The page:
Variable speed drives (VSDs) have been around for a long time now. For a while, they were seen as the perfect quick and easy way to save money. Particularly on large ventilation fans, where the reduction in electrical power consumption is considerable. Applying the ‘Cube Law’ for centrifugal fans, it can be calculated that a 10% reduction in motor speed results in a 27% reduction in power consumption (0.9 x 0.9 x 0.9 = 0.73).
Using the simple calculation above, it appears that installing VSDs would be a great decision. And for a while, quite a few companies made a great deal of money by indiscriminately installing drives to existing fan motors. The VSD would be typically set to run to a fixed speed (somewhere between 30-45Hz) and an instant, ongoing saving would be achieved.
There are, however, two problems with this approach. Number one is that the plant will have been commissioned and balanced to achieve the designed number of air changes, for all served areas. By simply reducing the fan running speed, the original balancing and supply volumes are jeopardised. The second problem is that, as with running at full speed, varying volumes are achieved over the life cycle of the installed filters. When clean filters are fitted, maximum air flow is achieved, as the filter collects particles delivered volumes decrease.
A slightly more sensible approach would be to employ an occupied/setback profile (where appropriate). Certain areas may require a controlled air supply twenty-four hours a day, but do not need full control when areas are unoccupied. Examples of this application would be hospital theatres and museum exhibition spaces. In this scenario, the building management system would run at a fixed speed during the occupied period and at a reduced speed outside of occupation. Although this would offer an energy reduction, the two problems described in the paragraph above would still be present.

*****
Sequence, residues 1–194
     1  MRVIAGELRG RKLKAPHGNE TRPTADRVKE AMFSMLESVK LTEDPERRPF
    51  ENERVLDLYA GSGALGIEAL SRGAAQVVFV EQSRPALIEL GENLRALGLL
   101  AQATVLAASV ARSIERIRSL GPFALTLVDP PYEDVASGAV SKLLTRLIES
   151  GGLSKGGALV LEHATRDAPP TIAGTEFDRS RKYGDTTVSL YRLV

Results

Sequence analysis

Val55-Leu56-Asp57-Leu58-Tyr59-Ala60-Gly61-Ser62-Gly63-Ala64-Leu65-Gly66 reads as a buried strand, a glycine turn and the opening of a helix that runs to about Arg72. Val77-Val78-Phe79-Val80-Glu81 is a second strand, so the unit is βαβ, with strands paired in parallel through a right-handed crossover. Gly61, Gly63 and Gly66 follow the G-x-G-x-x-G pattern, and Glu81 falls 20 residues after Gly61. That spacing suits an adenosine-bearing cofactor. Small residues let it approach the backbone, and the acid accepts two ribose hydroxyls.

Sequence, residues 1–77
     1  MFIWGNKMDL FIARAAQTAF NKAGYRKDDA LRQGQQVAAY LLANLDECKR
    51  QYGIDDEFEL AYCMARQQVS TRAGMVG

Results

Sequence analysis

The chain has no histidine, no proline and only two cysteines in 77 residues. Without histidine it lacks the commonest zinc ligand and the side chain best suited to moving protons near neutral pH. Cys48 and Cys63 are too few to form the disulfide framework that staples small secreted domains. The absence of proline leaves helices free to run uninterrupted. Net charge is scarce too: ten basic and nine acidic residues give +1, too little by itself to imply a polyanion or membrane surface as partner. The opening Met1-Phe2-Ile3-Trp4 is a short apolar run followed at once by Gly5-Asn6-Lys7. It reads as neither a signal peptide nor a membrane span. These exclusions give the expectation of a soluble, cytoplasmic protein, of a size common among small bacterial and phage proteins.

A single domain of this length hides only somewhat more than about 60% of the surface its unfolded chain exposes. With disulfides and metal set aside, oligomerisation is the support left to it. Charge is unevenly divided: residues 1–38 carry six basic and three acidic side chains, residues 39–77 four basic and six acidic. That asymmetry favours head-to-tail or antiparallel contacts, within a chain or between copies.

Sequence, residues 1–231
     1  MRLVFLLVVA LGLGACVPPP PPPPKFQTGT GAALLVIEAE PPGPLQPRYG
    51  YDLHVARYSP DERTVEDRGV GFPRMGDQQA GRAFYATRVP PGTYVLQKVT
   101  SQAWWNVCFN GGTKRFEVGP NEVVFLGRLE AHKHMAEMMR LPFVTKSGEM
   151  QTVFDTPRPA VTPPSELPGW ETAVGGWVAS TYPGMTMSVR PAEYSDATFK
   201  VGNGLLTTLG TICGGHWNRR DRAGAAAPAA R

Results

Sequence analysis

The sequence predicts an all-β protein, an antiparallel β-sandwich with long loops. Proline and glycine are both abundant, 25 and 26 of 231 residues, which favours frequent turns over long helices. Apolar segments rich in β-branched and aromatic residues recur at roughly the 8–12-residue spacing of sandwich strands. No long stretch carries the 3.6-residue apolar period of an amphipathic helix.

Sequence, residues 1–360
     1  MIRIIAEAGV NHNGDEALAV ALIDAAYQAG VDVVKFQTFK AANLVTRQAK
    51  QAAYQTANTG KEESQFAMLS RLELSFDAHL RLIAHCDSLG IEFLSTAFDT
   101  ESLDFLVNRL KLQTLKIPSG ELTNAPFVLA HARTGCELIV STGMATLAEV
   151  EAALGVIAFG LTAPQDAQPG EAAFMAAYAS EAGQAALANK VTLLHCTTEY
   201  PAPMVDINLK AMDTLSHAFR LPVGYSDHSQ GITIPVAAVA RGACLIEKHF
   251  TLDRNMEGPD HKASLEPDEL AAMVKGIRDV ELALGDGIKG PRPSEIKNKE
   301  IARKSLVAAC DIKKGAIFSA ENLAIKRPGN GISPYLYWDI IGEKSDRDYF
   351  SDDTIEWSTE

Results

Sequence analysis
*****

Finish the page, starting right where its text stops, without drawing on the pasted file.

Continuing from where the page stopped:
A far more effective way to obtain energy savings, from variable speed drives, is to control them to a discharge or index indicator. This would typically be either pressure or velocity. By measuring the volume of air being delivered, we can command the fan to run at a higher speed when air delivery is low and lower when air delivery is high. This approach takes account of the filter(s) status, providing the correct air changes across the life of the filter(s).
Adding automatic monitoring and control to VSD driven fans is relatively simple. Most modern variable speed drives have the inbuilt capability to receive a signal from a monitoring device such as a static discharge pressure transducer. This means that a VSD and transducer can be installed, using the original fan supply, with no requirement for a link to a separate control system. In built time schedules, also mean that occupied/setback regimes can also be implanted, compounding the possibility for potential savings.
With the above easily achievable, it is somewhat surprising that variable speed drives are still being installed without effective control. Hopefully, with information available, this should change and we will start to see easy win reduction gains achieved for all large fan application.
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